Eye tracking for diagnosis and monitoring

Even a mild case of traumatic brain injury (mTBI) can lead to long-term impairment, so accurate and timely detection is vital1. Eye movements involve many brain areas, thus visual impairments are a common finding following TBI, including mTBI2

A mild cause of traumatic brain injury (mTBI) is challenging to objectively diagnose and has no universally accepted diagnostic criteria. The development of easily quantifiable techniques using eye tracking as an objective diagnostic tool provides practitioners with an objective tool that is easier to assess than conventional tests. Thus, as this technology becomes increasingly integrated into clinical settings, the potential for it to identify deficits accurately and reliably in patients following mTBI, and to monitor both their recovery and the effectiveness of potential treatments will increase1

Concussion and mTBI tests for diagnosis and initial assessment consist of symptom checklists, sideline tests such as the King-Devick test, balance tests, head impact telemetry system, eye movement tracking devices, cognitive tests, magnetic resonance imaging, computed tomography, diffusion tensor imaging, functional magnetic resonance imaging, magnetic resonance spectroscopy, positron emission tomography and electrophysiology3,4. However, at present, there is no single test that alone can reliably diagnose concussion or determine when recovery has occurred3. In addition, objective measures for diagnosing mTBI are needed and eye-tracking is a potential useful diagnostic tool for identifying mTBI1,3

Approximately 90% of individuals with mTBI examined in a clinic setting and having vision-related symptoms were diagnosed with one or more oculomotor dysfunctions following their acute care phase and natural recovery period1,5. Saccades, the head impulse test and pursuits are specific (97.0%) and sensitive (84.9%) in distinguishing healthy controls from participants with mTBI1

With concussions, the clinical neuro-ophthalmic exam is also important for detecting abnormalities in fusional vergence, saccades, smooth pursuit, and visual fixation4. Common neuro-ophthalmic findings in concussion include abnormalities in saccades/antisaccades, smooth pursuit, vergence, accommodation, the vestibular–ocular reflex and photosensitivity3,4

In the first 10 days after mTBI, patients had impaired anti-saccades, prolonged saccadic latencies, higher directional errors, poorer spatial accuracy, and impaired memory guided saccades3. Saccadic dysfunction as assessed clinically may be present in approximately 30% of patients with mTBI3,6. Abnormalities in pursuit eye movements were present in 60% of mTBI patients7,8. Convergence abnormalities have been reported in 47%–64% of patients with concussion3,6

mTBI can negatively affect the maximum diameter, amplitude and velocity of the constriction and dilation of the pupil, which are all difficult to assess without computerised pupillometry9,1. mTBI patients have small increases in constriction latency in response to light and reduced average constriction velocity as found in a non-randomised controlled trial1. While mTBI typically adversely affects many aspects of the dynamics of the pupillary light reflex (PLR), the effects seen to be in both pupils, i.e. mTBI per se typically does not cause asymmetric pupillary damage and related asymmetric responsivity9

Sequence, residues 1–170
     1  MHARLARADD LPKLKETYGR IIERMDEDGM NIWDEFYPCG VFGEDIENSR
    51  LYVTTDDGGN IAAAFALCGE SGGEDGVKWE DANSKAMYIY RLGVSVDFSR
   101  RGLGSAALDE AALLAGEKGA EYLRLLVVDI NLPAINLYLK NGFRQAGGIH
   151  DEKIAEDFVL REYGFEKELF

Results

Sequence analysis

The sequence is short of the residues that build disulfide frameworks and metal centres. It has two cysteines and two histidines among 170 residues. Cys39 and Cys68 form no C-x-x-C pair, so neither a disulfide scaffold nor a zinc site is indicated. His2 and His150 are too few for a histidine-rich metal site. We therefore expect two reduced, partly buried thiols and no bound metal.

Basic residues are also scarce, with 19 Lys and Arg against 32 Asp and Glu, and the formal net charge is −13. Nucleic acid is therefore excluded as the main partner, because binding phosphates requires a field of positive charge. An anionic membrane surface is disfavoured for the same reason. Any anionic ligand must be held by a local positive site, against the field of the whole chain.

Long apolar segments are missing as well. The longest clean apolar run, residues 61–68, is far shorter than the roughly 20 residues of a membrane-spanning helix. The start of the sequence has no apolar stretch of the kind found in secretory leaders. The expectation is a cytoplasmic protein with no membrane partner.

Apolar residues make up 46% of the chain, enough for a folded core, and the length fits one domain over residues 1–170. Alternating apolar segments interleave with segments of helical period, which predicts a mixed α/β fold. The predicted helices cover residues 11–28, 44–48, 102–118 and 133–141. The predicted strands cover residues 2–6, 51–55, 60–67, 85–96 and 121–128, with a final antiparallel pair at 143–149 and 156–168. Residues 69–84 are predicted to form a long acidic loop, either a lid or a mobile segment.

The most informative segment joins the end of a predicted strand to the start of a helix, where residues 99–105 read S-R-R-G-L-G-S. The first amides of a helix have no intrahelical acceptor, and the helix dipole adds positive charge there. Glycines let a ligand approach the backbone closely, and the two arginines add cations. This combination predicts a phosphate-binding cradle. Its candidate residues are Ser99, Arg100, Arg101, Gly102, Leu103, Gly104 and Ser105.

Vergence system abnormalities are also common in mTBI10. In fact, vergence system abnormality seems to be the most common dysfunction in mTBI, with studies showing that 56.3% of these patients had one or more vergence-related abnormalities5,10


  1. Cade A, Turnbull PR. Clinical testing of mild traumatic brain injury using computerised eye-tracking tests. Clin Exp Optom. 2022;105(7):680-686. doi:10.1080/08164622.2021.2018915

  2. Sussman ES, Ho AL, Pendharkar AV, Ghajar J. Clinical evaluation of concussion: the evolving role of oculomotor assessments. Neurosurg Focus. 2016;40(4):E7. doi:10.3171/2016.1.FOCUS15610

  3. Ventura RE, Jancuska JM, Balcer LJ, Galetta SL. Diagnostic tests for concussion: is vision part of the puzzle? J Neuro-Ophthalmol Off J North Am Neuro-Ophthalmol Soc. 2015;35(1):73-81. doi:10.1097/WNO.0000000000000223

  4. Ventura RE, Balcer LJ, Galetta SL, Rucker JC. Ocular motor assessment in concussion: Current status and future directions. J Neurol Sci. 2016;361:79-86. doi:10.1016/j.jns.2015.12.010

  5. Ciuffreda KJ, Kapoor N, Rutner D, Suchoff IB, Han ME, Craig S. Occurrence of oculomotor dysfunctions in acquired brain injury: a retrospective analysis. Optom St Louis Mo. 2007;78(4):155-161. doi:10.1016/j.optm.2006.11.011

  6. Capó-Aponte JE, Urosevich TG, Temme LA, Tarbett AK, Sanghera NK. Visual dysfunctions and symptoms during the subacute stage of blast-induced mild traumatic brain injury. Mil Med. 2012;177(7):804-813. doi:10.7205/milmed-d-12-00061

  7. Nerrant E, Tilikete C. Ocular Motor Manifestations of Multiple Sclerosis. J Neuroophthalmol. 2017;37(3):332-340. doi:10.1097/WNO.0000000000000507

  8. Wilne S, Collier J, Kennedy C, Koller K, Grundy R, Walker D. Presentation of childhood CNS tumours: a systematic review and meta-analysis. Lancet Oncol. 2007;8(8):685-695. doi:10.1016/S1470-2045(07)70207-3

  9. Ciuffreda KJ, Joshi NR, Truong JQ. Understanding the effects of mild traumatic brain injury on the pupillary light reflex. Concussion Lond Engl. 2017;2(3):CNC36. doi:10.2217/cnc-2016-0029
  10. Thiagarajan P, Ciuffreda KJ, Ludlam DP. Vergence dysfunction in mild traumatic brain injury (mTBI): a review. Ophthalmic Physiol Opt J Br Coll Ophthalmic Opt Optom. 2011;31(5):456-468. doi:10.1111/j.1475-1313.2011.00831.x 

Interested? Read more!

Oculomotor function can be affected by many different pathologies.

Read their literature review regarding Neuro-Ophthalmic Manifestations of Post-Concussion Syndrome here.


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